We see chemo patients with WBC counts as low as 100 (0.1), but this is rare. Since starting Rebif, my WBC has gone from my norm of about 8,000, to about 2,500. That's low, but still adequate to function in fighting off infection. Since I work in a medical lab and am able to check my Complete Blood Count whenever I want, I normally keep an eye on the WBC, hemoglobin, hematocrit, and Red Blood Cell counts. They are all on the low side for a male, but not critically low. Gilenya, from what I understand, has basically the same effect on one's blood cells.
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Old 05-22-2011, 11:12 AM
Just a small town girl Just a small town girl is offline
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There are a ton of different ways of writing the lymphocyte counts so I've included two of the forms I've seen below. From what I've seen most neuros differ on what they think is too low.

For my neuro 200 or 2 is the cut-off. If you're above 200 lymphocytes you're good, if you're below then yank off gilenya until the body restabilizes. I've had a couple incidents where my bloodwork got down to 200 and 300. The first time I got yanked off and the second time my body stabilized on its own. I'm now at a "healthy" 890 or 8.9.

I hope this helps in any way shape or form.
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Old 05-24-2011, 03:25 PM
laurasari laurasari is online now
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Can someone tell me how often they send you for the blood work. I just started yesterday so i have only had 2 doses.
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Old 05-24-2011, 08:18 PM
Just a small town girl Just a small town girl is offline
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My neuro's schedule is after the first week, then once a month for 3 months, then every 3 months for first 2 years, then every 6 months thereafter.

Of course when I had a few issues, that got modified so I was going in every other week for a while. I'm now back on track with once every 3 months.

Every neuro is different though.
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Old 05-25-2011, 07:39 AM
Just a small town girl Just a small town girl is offline
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Thanks Kimba. I'm glad too. How's everything going with you??
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Old 05-29-2011, 09:03 PM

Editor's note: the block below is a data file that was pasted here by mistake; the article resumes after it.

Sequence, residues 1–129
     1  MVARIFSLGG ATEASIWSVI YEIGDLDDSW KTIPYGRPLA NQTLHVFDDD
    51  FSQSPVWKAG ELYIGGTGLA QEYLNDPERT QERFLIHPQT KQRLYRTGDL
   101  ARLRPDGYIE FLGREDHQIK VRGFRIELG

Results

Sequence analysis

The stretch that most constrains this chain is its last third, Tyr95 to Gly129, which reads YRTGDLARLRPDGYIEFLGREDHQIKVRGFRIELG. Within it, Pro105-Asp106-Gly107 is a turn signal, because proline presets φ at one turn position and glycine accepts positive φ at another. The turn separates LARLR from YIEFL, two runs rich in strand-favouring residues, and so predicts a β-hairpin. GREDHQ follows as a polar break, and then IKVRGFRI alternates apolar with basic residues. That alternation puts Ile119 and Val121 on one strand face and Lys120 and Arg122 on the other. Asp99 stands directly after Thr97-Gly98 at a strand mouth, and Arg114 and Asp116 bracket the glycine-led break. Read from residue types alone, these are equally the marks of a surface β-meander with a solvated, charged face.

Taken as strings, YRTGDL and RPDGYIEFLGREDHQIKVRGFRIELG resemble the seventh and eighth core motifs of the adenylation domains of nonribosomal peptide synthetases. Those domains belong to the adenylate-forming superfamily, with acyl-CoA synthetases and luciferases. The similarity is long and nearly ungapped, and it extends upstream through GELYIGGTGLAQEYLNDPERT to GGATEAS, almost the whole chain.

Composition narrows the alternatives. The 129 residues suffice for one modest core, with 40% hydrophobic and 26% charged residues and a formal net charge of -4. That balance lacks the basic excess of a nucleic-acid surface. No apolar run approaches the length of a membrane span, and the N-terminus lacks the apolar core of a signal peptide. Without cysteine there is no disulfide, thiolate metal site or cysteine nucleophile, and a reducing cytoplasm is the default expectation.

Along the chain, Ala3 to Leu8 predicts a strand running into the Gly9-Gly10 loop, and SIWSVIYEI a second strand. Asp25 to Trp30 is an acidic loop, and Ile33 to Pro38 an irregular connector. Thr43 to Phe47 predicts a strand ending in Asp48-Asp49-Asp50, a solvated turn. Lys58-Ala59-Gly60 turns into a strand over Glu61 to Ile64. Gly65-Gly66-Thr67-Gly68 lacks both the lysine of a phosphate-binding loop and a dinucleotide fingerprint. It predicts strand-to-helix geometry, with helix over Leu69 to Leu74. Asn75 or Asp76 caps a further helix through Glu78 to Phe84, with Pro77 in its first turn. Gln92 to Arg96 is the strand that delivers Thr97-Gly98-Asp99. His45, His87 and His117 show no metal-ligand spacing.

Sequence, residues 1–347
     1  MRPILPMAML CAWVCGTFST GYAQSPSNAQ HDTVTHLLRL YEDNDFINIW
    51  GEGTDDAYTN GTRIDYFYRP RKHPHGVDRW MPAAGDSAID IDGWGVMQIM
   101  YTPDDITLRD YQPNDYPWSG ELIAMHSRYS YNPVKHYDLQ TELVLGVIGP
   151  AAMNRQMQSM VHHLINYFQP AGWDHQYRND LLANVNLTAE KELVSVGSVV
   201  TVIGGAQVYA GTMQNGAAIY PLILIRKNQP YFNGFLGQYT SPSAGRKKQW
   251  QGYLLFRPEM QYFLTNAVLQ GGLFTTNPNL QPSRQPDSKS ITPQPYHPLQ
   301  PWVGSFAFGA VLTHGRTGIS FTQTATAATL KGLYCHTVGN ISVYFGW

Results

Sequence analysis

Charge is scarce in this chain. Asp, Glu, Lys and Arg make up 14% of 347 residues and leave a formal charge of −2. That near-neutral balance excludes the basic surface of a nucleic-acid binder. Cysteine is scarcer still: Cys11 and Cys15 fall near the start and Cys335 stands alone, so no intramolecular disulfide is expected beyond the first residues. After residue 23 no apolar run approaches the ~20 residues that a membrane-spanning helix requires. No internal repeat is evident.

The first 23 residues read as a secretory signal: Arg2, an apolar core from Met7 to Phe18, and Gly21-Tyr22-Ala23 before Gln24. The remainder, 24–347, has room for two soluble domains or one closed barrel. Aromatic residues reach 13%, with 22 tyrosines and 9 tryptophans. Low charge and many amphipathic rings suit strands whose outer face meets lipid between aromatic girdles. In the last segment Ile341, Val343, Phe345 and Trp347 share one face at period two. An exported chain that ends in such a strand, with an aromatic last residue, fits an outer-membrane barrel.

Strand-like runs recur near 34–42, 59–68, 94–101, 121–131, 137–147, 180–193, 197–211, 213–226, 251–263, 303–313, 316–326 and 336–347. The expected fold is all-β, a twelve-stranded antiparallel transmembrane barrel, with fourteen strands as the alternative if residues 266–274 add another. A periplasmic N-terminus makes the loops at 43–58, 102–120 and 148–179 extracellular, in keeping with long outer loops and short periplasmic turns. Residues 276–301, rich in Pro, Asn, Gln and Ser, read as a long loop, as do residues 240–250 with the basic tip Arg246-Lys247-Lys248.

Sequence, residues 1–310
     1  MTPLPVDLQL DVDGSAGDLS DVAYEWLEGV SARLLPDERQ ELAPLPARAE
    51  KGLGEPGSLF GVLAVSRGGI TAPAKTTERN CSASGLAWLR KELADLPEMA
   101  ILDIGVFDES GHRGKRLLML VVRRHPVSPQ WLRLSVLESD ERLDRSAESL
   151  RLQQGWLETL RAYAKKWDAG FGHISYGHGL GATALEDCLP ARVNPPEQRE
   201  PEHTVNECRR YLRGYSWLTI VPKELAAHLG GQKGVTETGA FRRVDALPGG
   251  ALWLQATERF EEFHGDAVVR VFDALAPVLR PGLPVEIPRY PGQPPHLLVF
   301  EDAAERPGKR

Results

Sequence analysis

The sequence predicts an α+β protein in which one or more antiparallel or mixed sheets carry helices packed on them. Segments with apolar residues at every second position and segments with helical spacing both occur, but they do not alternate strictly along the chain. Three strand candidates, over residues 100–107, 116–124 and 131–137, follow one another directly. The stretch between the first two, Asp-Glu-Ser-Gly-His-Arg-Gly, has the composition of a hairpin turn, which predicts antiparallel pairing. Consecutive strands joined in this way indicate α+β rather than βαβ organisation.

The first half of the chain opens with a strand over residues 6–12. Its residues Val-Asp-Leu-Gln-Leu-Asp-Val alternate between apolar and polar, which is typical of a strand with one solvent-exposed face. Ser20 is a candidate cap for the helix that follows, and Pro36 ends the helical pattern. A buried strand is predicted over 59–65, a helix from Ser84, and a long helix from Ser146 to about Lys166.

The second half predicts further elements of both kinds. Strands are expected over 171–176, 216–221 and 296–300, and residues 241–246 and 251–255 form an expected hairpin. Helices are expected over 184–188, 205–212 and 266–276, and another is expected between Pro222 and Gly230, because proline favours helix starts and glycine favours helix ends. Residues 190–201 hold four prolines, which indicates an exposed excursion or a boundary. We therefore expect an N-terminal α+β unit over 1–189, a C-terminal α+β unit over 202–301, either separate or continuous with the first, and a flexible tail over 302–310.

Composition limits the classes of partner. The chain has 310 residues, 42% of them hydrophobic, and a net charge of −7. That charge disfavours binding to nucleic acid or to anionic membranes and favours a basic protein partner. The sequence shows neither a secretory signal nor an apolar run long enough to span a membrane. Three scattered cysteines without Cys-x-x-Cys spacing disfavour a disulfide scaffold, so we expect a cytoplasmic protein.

dolule dolule is offline
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I was in the clinical trial for fingolimod (which is now marketed as Gilenya). Once, when my lymphocytes got down to 0.20 x 10E3/uL (=0.2 x 10,000 = 2000), I was instructed to retest after two weeks and was told that if the count remained that low, I would be taken off the drug temporarily until my lymphocytes recovered. This was per Novartis' instructions.
I had other results between 0.20 and 0.25 and that didn't seem to be a problem.
I haven't heard anything about an increase in urinary tract infections being associated with Gilenya, but sometimes problems show up in post-marketing that didn't show up in the trials. Your doctor may want to contact Novartis Drug Safety and Epidemiology at 1-888-NOW-NOVA (669-6682) or FDA at 1-800-FDA-1088 or www.fda.gov/medwatch.
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Old 06-30-2011, 04:40 AM
dolule dolule is offline
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oops, I messed up my math: 0.2x10E3 = 0.2x1000 = 200, not 2000.
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  #11  
Old 07-24-2011, 10:06 PM
llevey llevey is offline
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low white count

Hello everyone,

I am a serious novice to online discussion forums, but I've been a lurker on and off to this one. I've been on Gilenya since March and doing very well, I think. I had a CBC yesterday, and my leukocytes are down to 2.3; they were 2.8 in April. I don't know what my neuro will say when I see her next month. But I felt tremendously relieved to read the discussion about your experiences and knowledge.

Oddly enough, though, in the 10+ years since my diagnosis, I've never felt better.
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  #12  
Old 07-25-2011, 05:46 AM
Just a small town girl Just a small town girl is offline
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Llevey - I felt the same way in that I would have never known that anything was wrong when my liver enzyme levels went way up and my blood cell counts were off. Ask your neuro about it when you see him or her but in my experience if they're worried about your counts, they will call you to let you know.

Keep us posted on how things go with you. So glad that you've joined us.